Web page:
Culture is what happens when no one is watching

Culture and customer service are words we hear often in business and especially in our industry. Businesses introduce tools and practices to change their workplace to be more ‘efficient’, but this does not address the culture part of the equation. TGS investigates the difference.

Often the most underestimated changes to improve business are cultural. It’s about influencing your people to actually live your principles and focus on developing their daily behaviour patterns. Culture change is not achieved through intellect or training, rather by ensuring you get each person to act, think and behave in certain way.

More specifically, the definition of culture can be categorised as: the character and personality of your organisation. It’s what makes your organisation unique and is the sum of its structures, values, traditions, beliefs, interactions, behaviours and attitudes.

We were interested to explore the culture and customer service philosophy of Zagame’s, renowned for its high standards and creation of a ‘customer centric’ culture within its venues.

Victor Zagame started this family run business in 1971 and now Victor’s sons Victor Junior and Robert Anthony continue to grow it, maintaining its strong values with a new flair and innovation. With everything they do, Zagame’s remembers one basic but very important thing, family is everything!

The group has a solid structure driven by Chief Operating Officer, Jackie Booth. Her vision to surround herself with a dynamic team, that has over 120 years of Zagame’s service between them, has delivered unprecedented results.

TGS had the opportunity to sit with Zagame’s operations managers Chris Christou and Janelle Beard. When asked what culture means to them, they respond, “Culture is what happens when no one is watching.” So simple, yet so profound and powerful! Christou says, “Consistency and repetition is the key in ensuring the same service is maintained every minute of the day.”

He goes on to say, “Zagame’s doesn’t do what is done – we create what will be followed!”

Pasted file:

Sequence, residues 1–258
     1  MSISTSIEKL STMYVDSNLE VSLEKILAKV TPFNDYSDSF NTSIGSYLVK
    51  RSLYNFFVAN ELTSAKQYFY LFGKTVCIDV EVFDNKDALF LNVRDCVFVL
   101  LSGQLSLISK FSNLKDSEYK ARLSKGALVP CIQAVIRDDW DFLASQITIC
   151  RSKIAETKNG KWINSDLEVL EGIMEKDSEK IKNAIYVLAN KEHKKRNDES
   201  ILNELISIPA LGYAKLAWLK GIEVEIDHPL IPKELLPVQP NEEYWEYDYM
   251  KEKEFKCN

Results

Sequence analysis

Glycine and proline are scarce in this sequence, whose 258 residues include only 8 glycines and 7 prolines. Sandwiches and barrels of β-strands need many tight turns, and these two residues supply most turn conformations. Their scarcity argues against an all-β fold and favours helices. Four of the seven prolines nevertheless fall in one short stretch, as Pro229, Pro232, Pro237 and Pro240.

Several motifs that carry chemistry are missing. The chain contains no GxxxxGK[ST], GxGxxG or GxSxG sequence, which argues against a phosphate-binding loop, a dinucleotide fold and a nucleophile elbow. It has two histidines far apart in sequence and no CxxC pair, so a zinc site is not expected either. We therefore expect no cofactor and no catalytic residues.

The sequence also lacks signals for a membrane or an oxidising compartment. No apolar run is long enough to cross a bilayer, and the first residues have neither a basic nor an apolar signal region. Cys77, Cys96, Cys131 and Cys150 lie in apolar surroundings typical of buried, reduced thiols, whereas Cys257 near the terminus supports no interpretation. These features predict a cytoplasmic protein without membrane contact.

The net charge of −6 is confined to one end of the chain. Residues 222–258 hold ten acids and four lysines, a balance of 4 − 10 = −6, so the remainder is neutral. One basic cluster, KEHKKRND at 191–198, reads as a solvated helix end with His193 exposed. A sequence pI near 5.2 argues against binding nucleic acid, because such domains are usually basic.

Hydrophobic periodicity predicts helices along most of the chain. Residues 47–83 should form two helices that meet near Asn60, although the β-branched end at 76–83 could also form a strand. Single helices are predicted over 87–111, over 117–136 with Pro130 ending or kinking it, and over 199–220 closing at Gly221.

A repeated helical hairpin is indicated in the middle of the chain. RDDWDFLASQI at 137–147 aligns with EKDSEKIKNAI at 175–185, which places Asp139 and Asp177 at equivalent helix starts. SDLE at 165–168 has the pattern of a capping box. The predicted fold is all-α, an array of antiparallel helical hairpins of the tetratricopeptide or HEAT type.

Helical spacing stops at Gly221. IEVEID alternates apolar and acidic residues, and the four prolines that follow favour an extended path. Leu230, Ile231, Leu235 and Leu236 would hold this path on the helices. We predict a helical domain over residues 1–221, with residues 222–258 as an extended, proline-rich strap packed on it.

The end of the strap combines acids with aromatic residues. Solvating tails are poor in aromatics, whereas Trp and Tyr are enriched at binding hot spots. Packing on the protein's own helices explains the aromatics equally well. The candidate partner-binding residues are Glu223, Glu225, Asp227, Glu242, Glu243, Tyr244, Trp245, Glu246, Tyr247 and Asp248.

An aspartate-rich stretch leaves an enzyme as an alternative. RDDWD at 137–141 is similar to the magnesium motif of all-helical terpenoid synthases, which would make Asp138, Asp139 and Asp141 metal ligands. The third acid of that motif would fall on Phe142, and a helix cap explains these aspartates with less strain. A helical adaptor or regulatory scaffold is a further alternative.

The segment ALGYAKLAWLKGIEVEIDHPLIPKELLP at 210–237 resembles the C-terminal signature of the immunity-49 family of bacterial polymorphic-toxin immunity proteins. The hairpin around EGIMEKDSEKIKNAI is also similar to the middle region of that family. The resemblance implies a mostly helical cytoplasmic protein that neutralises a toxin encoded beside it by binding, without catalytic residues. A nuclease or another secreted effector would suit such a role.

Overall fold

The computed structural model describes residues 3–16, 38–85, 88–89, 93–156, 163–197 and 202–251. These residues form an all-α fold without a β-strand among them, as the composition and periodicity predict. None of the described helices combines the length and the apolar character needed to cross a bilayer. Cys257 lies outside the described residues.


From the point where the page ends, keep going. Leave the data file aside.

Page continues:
This was recognised most recently when Zagame’s was awarded ‘Most Innovative Business in Australia’ by Coca-Cola.

Beard was asked how Zagame’s achieves and maintains quality customer service.

“We have service standards for each department and role,” she replies, proudly.

“They are ingrained in everything we do. We regularly ask our customers how we can improve and take action on their feedback.”

What makes the Zagame’s team different?

Christou responds: “Our strength lies in our differences and our ability to work together as a close, strong team. We put the right people in the right positions and empower them to deliver.” Beard adds, “Our entire team undergoes intensive company inductions, online training, regular practical group training sessions and, most importantly, on the job feedback.”

Comments (2)

By dealing together, both of you can address problems of self-esteem and mutual trust. Use these circumspectly however, because they may lower blood sugar levels, that is an inadequate effect that face men whose blood sugar levels are properly balanced.

Shops that require protection for high risk goods held on the premises will usually need to declare the total values of each stock item. High risk shop stock and goods are those that attract thieves and are expensive to replace. Examples of high risk stock items are electronic equipment, cigarettes, and tobacco, designer clothing, computers and digital equipment, software, computer games and consoles, drugs pharmacy and medicines, watches and jewellery, mobile phones and radios, photographic equipment, power tools, TVs, DVDs, CDs and Wines and Spirits.

If your shop has high risk stock you can reduce the cost of your premiums by having adequate security in place. This includes an insurance company approved burglar and fire alarm, window grills, shutters and bars, CCTV and sprinklers. Many shop insurers will only offer stock cover if the minimum levels of security are in place for all shops, regardless of the stock contents held. A lot of insurers may offer further large discounts to the premium if the shop owner lives on or above the premises and is there at night.

Shops by their very nature deal with members of the public and a good insurance policy will usually contain liability cover as standard. This should include Public Liability of up to ?2,000,000 for any one claim by a member of the public who may suffer loss or injury visiting the shop.

If you employ staff all policies will offer Employers Liability cover of up to ?10,000,000 one event and because shops sell goods and services, Products Liability cover of ?2,000,000 for any one period of insurance.

Leave a comment

Connect with us

Get the Inside Word

Subscribe to our newsletter to receive regular insights, industry trends, practical tips and perspectives from market leaders and our team of experts at Tabcorp Gaming Solutions.